The device records things like driving distances, the time of day the car is driven, and sudden acceleration or braking, said Christine Gaudreau, the vice president of OTC insurance in Halifax.

At the end of the six months the device is turned over to the insurance company and it uses the data to determine if the user should get a discount on their insurance.

“We’ve been advertising quite heavily on the radio and seems like people are very leery about having this device in their vehicle for the insurance companies to look at,” said Gaudreau.

Depending on how well a person drives, the insurance company could give them up to a 25 per cent discount.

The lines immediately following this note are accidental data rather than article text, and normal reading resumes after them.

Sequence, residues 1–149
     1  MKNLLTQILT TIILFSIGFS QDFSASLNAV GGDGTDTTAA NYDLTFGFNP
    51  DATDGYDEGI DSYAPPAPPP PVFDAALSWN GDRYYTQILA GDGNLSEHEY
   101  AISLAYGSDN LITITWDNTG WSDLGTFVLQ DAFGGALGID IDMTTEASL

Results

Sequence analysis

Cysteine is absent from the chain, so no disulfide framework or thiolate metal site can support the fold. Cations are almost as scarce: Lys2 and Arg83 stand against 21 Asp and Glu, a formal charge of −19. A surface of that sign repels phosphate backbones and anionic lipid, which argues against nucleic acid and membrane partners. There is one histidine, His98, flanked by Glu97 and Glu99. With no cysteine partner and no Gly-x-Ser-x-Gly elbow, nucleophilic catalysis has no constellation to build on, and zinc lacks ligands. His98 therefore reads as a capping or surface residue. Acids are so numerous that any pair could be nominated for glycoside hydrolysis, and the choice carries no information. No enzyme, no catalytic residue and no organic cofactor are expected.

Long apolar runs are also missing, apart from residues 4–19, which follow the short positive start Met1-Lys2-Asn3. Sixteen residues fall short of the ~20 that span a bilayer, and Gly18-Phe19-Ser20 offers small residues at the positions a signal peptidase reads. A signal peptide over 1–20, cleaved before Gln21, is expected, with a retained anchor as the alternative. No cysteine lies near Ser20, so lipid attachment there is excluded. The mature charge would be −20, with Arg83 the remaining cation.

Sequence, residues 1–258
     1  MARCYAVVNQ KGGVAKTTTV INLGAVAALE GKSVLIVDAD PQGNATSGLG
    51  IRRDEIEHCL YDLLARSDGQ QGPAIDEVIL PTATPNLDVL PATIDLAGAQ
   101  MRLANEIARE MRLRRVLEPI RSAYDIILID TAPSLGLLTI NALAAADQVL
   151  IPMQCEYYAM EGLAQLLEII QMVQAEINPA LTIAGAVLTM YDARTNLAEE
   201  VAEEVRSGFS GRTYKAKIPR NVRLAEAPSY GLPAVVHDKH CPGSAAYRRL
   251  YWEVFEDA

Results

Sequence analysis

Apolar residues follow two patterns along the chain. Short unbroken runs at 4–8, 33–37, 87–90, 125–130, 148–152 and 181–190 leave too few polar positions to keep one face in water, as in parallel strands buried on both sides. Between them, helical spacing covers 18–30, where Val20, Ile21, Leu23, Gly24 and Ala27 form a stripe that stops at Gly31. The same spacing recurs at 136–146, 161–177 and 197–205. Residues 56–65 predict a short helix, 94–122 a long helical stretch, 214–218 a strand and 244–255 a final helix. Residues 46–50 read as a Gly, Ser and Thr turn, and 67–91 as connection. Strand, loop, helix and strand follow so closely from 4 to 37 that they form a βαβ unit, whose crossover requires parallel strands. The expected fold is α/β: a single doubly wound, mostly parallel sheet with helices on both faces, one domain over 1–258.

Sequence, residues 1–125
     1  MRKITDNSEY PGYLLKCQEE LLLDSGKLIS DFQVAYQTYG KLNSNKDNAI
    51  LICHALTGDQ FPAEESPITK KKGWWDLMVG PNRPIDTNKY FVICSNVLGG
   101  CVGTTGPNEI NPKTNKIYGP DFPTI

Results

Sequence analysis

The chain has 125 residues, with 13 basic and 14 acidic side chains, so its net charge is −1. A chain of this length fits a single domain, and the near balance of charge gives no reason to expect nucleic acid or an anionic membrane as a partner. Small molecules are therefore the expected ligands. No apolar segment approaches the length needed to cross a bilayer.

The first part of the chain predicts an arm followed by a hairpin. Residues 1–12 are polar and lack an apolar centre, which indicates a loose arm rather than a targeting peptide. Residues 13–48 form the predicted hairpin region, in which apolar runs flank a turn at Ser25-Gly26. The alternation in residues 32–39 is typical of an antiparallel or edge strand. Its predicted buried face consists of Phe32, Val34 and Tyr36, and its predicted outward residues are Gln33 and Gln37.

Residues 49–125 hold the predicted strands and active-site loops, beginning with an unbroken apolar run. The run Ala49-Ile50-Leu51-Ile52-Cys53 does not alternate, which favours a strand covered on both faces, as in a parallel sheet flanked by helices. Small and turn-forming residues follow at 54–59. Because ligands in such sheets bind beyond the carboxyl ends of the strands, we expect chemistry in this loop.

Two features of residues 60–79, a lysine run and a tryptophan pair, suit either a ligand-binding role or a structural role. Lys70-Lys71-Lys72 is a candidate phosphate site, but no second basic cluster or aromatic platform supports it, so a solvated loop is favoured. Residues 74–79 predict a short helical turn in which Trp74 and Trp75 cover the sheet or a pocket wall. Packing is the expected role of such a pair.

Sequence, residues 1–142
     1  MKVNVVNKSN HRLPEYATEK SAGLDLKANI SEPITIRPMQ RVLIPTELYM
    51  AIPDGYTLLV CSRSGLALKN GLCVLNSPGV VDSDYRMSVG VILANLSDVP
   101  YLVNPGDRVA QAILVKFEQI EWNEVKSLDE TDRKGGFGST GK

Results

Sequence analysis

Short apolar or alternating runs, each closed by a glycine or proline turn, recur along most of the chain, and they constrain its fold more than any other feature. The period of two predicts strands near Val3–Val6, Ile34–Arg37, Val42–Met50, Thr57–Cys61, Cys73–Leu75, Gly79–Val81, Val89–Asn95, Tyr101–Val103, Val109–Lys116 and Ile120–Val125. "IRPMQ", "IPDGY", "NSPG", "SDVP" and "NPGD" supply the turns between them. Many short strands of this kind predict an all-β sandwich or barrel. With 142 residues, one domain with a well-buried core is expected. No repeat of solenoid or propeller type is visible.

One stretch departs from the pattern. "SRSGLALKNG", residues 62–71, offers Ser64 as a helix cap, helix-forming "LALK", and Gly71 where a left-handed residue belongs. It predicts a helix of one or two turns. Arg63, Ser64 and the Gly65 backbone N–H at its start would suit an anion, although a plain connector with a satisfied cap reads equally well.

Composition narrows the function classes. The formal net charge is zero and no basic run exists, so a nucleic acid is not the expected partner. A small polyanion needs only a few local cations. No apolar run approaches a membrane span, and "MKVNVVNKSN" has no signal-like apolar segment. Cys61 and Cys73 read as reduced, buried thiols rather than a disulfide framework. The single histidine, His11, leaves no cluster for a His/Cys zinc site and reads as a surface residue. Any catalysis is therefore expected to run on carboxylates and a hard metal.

If a person drives badly, there’s no penalty and their rate will remain the same, said Gaudreau.

Despite all the advertising OTC has only had about 50 people sign up for the program.

“I think it’s probably more of a big brother situation, may be who knows?” said Gaudreau. “I’m not comfortable with it in my car.”

“But for some people that use their vehicle very little, it’s probably very beneficial to them.”

Telematics more popular in Ontario and Quebec

The Insurance Bureau of Canada is the national industry association representing Canada’s private, home, auto and business insurers.

It said Nova Scotia has been slow to adopt telematics compared with other parts of the country.

“Well there is a bit of a slow uptake from what we’re hearing so far in Nova Scotia. But that’s not abnormal for any new technology especially when it’s related to a product like auto insurance,” said Amanda Dean, vice president Atlantic with the Insurance Bureau of Canada.